The Head of the Philippine National Police (PNP), on Monday stepped down ahead of his retirement, amid allegations that he protected police personnel linked to illegal drugs in 2013.
The chief implementor of President Rodrigo Duterte’s war on drugs, Gen. Oscar Albayalde told troops during the weekly flag-raising ceremony in the police force’s main camp in Manila.
“After careful thought and deliberation, I have come to the decision to relinquish my post as chief [of] PNP effective today and go on non-duty status,” Albayalde said.
Albayalde was due to retire in November this year, at the mandatory age of 56 for police officers.
The president’s office denied that it had pressured Albayalde to step down, saying the PNP chief’s move aims to protect the police force’s credibility.
Albayalde “wants to spare the entire organisation from whatever speculation, bad or false, about shame in the organisation,” presidential spokesman Salvador Panelo said.
Thousands of suspects have been killed in a violent campaign against drugs which has been the centrepiece of Duterte’s government programme.
Albayalde said his early departure would pave the way for a successor to be appointed and added that Interior Secretary Eduardo Ano had “accepted and favourably endorsed to the president” the police chief’s letter of intent to go on non-duty status.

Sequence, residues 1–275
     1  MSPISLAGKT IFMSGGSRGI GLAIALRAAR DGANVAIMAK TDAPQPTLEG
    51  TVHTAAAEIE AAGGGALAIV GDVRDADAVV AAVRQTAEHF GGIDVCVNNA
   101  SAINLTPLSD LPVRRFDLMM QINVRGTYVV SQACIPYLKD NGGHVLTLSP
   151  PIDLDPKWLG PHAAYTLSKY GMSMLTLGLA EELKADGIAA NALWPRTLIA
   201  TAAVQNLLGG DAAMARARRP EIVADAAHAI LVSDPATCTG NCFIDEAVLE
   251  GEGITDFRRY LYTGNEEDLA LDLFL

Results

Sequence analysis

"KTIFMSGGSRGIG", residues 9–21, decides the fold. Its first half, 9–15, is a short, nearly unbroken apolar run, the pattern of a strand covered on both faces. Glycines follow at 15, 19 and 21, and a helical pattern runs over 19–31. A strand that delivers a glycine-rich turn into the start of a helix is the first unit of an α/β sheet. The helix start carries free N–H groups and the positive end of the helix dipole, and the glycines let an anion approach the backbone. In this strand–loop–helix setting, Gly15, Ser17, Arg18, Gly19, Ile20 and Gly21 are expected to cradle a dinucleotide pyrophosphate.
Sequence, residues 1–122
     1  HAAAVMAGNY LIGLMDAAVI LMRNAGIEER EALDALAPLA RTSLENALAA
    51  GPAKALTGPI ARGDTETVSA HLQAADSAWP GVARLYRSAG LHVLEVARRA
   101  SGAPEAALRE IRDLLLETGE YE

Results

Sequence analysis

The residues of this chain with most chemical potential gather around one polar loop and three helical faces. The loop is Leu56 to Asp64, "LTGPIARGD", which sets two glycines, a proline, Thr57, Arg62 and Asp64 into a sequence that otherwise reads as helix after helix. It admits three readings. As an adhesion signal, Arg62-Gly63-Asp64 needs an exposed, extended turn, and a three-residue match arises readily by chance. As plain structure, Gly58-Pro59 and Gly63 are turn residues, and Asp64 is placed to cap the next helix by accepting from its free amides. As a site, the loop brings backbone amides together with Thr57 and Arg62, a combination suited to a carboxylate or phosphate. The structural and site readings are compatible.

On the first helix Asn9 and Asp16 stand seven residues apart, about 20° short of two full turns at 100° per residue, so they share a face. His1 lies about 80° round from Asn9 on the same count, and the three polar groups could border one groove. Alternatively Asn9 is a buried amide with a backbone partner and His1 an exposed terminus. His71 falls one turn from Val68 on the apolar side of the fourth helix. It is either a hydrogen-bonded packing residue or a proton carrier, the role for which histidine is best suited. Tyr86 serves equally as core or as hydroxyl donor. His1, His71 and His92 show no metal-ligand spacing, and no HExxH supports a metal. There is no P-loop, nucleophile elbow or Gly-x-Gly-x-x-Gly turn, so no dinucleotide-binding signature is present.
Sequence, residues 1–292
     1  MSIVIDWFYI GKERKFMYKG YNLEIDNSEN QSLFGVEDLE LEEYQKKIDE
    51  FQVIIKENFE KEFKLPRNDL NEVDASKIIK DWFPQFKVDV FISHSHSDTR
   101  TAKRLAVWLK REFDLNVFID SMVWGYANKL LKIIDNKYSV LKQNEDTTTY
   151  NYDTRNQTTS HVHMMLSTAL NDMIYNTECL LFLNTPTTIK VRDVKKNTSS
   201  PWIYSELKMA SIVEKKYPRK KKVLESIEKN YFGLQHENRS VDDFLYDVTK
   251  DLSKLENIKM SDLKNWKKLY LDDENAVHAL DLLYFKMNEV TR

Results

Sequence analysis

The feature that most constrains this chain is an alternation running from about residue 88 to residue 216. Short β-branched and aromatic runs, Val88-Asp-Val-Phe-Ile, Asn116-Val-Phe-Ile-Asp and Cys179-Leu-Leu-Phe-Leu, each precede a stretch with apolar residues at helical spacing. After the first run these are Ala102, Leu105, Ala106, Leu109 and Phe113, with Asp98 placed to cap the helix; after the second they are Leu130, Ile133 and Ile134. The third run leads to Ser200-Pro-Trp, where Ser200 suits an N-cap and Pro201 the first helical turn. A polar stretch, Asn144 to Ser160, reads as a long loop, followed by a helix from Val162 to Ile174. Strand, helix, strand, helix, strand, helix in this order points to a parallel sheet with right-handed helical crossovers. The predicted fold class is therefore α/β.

Last week, Albayalde had said he would leave the PNP top post on Oct. 29.
His resignation follows recent Senate hearings in which former generals accused him of covering up for officers accused of violating rules during a raid in 2013 in Pampanga province.
Albayalde was the chief of provincial police at that time. The issue came up during Senate hearings on issues of negligence in the prison bureau.
The former police chief of investigation, Gen. Benjamin Magalong, now mayor of Baguio City, said that Albayalde’s men seized 200 kilograms of methamphetamine but declared only 38 kilograms, accepted a bribe from the drug suspect, and arrested a fall guy so the real suspect could escape.
Albayalde allegely urged high-ranking police officials not to dismiss his officers, who were criminally charged for the case.
Instead, they were deployed in conflict areas in the southern Philippines and demoted.
Albayalde said the criminal cases were dismissed in 2017 “for insufficiency of evidence” and “lack of probable cause.”
He added that he was not charged for his alleged complicity in the case.
“Do not let these challenges demoralise or stray you from your path,” he told police officers upon announcing his resignation.